Women Protesting Against Hijab in Iran Will Be Charged with Inciting Prostitution and Jailed

Iranian women protesting the compulsory headscarf by taking off their hijab in public could be facing up to a decade in jail for ‘inciting prostitution’, police has warned, Daily Mail reports. Authorities in Iran are desperately trying to stem the growing protests across the country against the dress code enforced on women since the Islamic revolution of 1979.

More than 35 women have been arrested in the capital Tehran alone in the past two months, with several reportedly subjected to torture while in custody.

At least two of the arrested protesters, Narges Hosseini and Shaparak Shajarizadeh, are being charged with ‘inciting corruption and prostitution’, Amnesty International reports.  Ms Shajarizadeh was arrested last Wednesday and has reportedly been subjected to beatings in prison.

Activists claim she was also ‘injected with an unknown substance by the prison authorities’ upon her arrest.  Ms Hosseini was arrested just over a month ago and has since been in custody in unknown conditions. If they are found guilty of inciting corruption and prostitution, they could face up to ten years in prison.

‘This is a deeply retrograde move by the Iranian authorities in their ongoing persecution of women who dare to speak out against compulsory veiling,’ said Magdalena Mughrabi, Deputy Director for the Middle East and North Africa at Amnesty International.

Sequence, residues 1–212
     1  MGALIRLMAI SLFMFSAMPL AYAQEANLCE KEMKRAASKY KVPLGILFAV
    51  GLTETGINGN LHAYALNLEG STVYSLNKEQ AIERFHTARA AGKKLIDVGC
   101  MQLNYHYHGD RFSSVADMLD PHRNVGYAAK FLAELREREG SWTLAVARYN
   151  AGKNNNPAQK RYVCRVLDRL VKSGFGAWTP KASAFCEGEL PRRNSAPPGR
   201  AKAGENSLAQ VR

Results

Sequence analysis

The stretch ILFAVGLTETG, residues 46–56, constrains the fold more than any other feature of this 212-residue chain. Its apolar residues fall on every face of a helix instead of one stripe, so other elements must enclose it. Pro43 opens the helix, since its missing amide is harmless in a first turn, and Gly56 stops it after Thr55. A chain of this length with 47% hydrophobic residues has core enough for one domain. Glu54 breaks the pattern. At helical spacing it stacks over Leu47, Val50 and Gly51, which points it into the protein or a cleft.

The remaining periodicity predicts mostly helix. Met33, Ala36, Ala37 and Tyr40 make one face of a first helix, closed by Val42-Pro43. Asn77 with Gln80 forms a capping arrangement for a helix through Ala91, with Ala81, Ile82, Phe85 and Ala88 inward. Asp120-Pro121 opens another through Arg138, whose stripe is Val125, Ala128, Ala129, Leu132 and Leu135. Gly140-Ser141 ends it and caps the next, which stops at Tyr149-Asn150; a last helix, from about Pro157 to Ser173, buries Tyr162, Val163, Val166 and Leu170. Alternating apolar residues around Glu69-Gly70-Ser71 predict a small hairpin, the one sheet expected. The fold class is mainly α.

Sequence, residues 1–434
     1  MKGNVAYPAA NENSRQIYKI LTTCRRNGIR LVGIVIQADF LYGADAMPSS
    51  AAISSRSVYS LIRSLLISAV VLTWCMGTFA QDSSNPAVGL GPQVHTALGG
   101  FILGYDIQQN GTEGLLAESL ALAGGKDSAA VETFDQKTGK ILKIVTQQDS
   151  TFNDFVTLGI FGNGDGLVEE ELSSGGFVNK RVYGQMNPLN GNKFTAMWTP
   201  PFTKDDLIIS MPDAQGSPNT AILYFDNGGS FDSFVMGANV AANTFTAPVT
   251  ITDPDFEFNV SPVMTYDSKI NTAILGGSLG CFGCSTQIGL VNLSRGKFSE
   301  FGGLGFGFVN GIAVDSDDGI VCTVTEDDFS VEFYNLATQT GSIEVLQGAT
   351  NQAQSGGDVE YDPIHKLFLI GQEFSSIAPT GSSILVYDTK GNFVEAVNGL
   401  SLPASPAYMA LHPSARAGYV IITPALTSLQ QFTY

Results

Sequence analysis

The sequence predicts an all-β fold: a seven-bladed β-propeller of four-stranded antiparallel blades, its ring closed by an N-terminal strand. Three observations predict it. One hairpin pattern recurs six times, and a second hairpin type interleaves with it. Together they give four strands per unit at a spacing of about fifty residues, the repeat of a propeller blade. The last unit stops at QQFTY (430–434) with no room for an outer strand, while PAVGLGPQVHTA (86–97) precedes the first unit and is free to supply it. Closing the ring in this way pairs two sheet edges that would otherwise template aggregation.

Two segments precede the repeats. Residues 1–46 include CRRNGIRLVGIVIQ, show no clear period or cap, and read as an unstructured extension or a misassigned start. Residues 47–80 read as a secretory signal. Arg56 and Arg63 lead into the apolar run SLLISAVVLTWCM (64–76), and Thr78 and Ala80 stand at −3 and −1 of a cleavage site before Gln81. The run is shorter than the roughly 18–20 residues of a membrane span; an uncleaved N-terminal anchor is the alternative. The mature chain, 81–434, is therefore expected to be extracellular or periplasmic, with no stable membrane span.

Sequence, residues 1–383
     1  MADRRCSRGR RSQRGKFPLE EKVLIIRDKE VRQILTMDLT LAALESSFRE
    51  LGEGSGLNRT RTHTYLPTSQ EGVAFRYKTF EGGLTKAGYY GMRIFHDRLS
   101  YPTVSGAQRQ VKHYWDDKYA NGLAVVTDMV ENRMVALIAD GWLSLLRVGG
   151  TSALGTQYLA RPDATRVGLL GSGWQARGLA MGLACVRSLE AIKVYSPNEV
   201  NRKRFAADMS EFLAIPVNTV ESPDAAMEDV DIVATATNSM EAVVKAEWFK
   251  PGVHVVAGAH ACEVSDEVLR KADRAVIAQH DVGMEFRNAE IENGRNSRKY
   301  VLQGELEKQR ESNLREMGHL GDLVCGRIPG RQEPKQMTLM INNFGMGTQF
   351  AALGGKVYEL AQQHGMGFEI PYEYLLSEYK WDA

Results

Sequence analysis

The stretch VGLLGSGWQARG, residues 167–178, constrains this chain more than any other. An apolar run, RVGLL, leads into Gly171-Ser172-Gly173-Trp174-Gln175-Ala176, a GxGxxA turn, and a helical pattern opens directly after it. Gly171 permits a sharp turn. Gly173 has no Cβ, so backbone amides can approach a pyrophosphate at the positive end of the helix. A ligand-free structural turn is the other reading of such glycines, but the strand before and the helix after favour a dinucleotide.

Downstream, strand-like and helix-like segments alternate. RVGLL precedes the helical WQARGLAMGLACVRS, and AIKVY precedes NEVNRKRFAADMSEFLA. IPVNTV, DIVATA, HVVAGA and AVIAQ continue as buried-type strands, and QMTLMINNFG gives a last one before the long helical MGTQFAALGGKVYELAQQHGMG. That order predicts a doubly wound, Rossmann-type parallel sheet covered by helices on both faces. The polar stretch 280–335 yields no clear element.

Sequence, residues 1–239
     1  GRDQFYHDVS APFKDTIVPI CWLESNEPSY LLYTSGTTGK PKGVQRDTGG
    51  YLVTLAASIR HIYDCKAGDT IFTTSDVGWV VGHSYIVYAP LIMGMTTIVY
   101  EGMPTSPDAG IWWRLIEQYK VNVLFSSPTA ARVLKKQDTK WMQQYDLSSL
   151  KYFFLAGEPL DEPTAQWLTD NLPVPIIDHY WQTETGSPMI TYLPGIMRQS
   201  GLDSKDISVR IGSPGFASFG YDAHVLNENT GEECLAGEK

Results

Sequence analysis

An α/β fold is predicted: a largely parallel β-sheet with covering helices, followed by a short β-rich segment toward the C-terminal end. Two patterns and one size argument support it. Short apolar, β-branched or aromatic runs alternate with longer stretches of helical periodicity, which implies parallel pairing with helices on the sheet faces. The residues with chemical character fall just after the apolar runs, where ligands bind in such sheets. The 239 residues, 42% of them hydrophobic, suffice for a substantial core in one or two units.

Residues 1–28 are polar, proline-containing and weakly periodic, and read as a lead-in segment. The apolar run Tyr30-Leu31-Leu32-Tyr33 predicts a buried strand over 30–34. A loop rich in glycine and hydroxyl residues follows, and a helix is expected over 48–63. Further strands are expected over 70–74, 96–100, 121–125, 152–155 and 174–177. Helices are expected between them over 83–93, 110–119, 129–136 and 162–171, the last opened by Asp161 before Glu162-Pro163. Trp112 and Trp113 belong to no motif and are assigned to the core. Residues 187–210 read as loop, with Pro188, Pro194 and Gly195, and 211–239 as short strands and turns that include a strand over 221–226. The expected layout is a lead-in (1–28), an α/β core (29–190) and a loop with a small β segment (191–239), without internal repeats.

It places many women at serious and immediate risk of unjust imprisonment while sending a chilling message to others to keep quiet while their rights are being violated.

“In compelling women and girls to cover their hair, the Iranian authorities have violated women’s human rights in Iran for decades and also deeply hurt women’s dignity. Rather than threatening women with jail terms for claiming their human rights, the authorities should immediately abolish the discriminatory, abusive and degrading laws and practices of compulsory veiling.”

Reports and videos are circulating on social media, and last week Maryam Shariatmadari was seen being violently pushed off a concrete structure. She has been seriously injured and requires surgery, but is being held in Shahr-e Rey Prison and is being denied medical attention. The following day, Shariatmadari’s mother – Mitra Jamshidzadeh – was detained for over a day in a detention center in the country’s capital. Her lawyer has advised that she was violently attacked when she tried to find out where her daughter was being held.

According to Iranian law, veiling is compulsory. However, international law states that this is a blatant violation of numerous human rights. It is discriminatory and denies females the right to freedom of expression, thought, conscience, religion and privacy.

A spokesman for Iran’s judiciary said that women who are not properly veiled are being instructed by “organized criminal groups” or are acting under the influence of “synthetic drugs.” Amnesty International is calling for law enforcement officials that are condoning such actions to refrain from making any more statements that incite further human rights abuses.

Furthermore, the NCRI Women’s Committee has called on all international organizations defending human rights and women’s rights to urgently act so that all women who are jailed as a result of improper veiling are immediately freed. The committee has said that the people who are protesting are “honorable and brave” and has urged the people of Iran – in particular women and young people – to defend them and to support their families.

Iranian authorities have said that 29 women have been arrested for not being veiled. This practice is unacceptable and is further proof that regime change, as per the request of the nation, is the only way forward.